Also: Show Your Mettle
Meaning of Idiom ‘Prove Your (or one’s) Mettle’
To prove your mettle means to prove your ability at something by performing well in a difficult situation. 1Heacock, Paul. Cambridge Dictionary of American Idioms. Cambridge: Cambridge UP, 2010.
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Examples of Use
“Gentlemen, we face tough opponents,” said the coach. “It’s time to prove your mettle.”
“The young warrior was determined to prove his mettle on the battlefield.”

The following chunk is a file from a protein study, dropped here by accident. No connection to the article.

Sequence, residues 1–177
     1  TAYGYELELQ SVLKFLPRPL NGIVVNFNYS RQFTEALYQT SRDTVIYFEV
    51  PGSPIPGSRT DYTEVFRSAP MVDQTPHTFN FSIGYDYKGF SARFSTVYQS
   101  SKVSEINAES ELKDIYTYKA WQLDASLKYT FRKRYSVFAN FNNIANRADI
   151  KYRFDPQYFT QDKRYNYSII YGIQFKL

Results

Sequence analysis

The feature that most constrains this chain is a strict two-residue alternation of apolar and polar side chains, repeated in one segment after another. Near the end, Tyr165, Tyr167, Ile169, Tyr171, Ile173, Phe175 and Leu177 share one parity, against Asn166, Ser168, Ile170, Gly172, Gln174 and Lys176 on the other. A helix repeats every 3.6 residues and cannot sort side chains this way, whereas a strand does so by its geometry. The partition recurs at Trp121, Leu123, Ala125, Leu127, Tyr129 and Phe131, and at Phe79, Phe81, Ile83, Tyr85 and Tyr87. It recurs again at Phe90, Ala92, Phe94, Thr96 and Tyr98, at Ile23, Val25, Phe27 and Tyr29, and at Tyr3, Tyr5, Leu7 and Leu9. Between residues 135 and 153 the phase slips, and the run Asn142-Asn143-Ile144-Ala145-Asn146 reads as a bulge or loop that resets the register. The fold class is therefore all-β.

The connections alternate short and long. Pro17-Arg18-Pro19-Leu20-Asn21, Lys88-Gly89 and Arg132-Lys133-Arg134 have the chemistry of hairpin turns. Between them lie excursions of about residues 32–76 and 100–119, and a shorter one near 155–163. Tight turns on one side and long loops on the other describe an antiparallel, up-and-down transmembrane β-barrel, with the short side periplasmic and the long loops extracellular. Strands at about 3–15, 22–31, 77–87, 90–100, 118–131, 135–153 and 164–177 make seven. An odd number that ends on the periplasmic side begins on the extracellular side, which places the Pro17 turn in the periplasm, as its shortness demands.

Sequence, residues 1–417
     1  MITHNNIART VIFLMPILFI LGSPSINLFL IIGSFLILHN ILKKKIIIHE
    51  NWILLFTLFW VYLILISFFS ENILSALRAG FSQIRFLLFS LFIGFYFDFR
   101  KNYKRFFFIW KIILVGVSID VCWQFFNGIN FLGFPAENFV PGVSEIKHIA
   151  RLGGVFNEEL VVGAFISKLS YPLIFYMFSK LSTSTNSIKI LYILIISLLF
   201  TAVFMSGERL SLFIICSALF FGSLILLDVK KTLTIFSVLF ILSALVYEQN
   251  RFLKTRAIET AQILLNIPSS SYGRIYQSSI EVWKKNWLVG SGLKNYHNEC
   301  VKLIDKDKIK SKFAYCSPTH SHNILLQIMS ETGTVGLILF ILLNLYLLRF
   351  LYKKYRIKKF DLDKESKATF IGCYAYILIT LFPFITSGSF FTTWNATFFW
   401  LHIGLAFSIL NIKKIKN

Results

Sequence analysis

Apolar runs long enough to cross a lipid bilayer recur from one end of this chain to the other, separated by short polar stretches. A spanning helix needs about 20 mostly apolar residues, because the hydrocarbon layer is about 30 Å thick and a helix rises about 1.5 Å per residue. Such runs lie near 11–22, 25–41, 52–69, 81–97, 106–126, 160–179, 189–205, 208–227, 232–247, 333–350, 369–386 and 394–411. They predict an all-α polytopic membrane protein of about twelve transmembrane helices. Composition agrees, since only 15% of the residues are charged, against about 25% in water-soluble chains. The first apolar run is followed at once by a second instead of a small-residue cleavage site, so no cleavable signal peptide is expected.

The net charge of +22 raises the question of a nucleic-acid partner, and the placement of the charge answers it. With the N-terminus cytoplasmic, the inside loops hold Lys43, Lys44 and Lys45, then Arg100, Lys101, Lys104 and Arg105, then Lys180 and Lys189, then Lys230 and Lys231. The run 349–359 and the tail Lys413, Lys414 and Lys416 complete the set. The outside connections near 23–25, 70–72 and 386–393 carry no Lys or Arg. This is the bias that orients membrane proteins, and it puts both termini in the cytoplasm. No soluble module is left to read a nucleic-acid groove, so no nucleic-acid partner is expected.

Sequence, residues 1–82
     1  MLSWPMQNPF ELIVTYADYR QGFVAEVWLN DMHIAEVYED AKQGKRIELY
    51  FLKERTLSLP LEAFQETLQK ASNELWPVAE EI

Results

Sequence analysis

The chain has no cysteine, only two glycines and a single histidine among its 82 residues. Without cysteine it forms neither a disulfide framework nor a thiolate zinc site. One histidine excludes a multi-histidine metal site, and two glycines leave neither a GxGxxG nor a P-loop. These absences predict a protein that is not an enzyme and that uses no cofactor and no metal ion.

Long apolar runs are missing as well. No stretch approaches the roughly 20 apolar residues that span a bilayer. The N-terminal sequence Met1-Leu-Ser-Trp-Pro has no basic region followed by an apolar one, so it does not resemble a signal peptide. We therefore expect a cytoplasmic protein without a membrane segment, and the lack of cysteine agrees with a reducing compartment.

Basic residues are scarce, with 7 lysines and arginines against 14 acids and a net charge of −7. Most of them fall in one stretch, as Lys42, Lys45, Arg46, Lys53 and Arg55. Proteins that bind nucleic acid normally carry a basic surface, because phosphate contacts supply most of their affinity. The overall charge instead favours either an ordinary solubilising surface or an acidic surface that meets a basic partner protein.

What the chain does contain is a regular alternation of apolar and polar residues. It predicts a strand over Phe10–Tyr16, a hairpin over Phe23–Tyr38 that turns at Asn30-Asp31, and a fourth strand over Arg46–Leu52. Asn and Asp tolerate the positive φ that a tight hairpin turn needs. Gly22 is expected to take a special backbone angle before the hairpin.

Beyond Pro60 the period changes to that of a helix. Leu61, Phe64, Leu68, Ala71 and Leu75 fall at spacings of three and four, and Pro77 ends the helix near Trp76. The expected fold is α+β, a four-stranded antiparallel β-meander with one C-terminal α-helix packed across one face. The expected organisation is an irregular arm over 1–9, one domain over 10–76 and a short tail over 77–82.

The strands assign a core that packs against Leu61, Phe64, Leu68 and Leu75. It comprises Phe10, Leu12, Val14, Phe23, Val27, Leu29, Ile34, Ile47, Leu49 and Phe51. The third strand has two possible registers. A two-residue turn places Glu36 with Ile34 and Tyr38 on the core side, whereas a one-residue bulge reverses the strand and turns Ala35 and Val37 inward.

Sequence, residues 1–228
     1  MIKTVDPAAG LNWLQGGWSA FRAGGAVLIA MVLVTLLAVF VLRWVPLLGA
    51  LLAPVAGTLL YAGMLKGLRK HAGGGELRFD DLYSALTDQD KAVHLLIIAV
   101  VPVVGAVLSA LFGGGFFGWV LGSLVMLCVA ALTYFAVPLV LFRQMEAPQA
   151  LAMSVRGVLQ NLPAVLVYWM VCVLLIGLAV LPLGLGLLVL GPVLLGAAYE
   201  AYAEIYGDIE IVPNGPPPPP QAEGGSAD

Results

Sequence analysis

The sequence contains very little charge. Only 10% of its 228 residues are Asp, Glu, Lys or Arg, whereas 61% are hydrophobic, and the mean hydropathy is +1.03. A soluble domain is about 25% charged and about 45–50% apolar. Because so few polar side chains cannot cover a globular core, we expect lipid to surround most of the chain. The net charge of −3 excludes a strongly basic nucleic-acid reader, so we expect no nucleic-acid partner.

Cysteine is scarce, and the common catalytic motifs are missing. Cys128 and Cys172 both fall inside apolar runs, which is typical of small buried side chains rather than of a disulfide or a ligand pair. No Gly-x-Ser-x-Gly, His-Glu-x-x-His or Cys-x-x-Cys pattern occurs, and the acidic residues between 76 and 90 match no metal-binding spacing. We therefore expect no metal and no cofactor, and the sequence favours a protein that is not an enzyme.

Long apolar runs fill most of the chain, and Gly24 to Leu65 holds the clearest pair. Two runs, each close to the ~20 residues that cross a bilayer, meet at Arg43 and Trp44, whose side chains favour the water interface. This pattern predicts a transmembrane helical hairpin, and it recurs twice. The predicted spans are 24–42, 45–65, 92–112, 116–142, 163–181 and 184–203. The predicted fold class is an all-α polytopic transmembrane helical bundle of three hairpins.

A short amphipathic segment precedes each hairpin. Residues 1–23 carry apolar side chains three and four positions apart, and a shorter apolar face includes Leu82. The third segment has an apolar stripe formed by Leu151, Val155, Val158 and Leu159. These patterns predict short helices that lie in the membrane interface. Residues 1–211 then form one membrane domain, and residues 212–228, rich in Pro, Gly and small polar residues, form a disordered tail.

“Nobody held out much hope for him but he quickly proved his mettle.”
“If you don’t show your mettle now, you may not get another chance,” said the recruiter.
Used since at least the early 1600s, as in John Fletcher’s Monsieur Thomas from 1619:
“When did he ride abroad since he came over? What Tavern has he us’d to? What things done That shews a man, and mettle?”
For more, see the origin of be on your mettle.
More Idioms Starting with P
- Put the Pedal to the Metal
- Proof is in the Pudding, the
- Put in One’s Two Cents Worth
- Pony Up
- Pot Calling the Kettle Black
More Mettle Idioms
More Prove Idioms
More Show Idioms
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Sources [ + ]
|1.||↲||Heacock, Paul. Cambridge Dictionary of American Idioms. Cambridge: Cambridge UP, 2010.|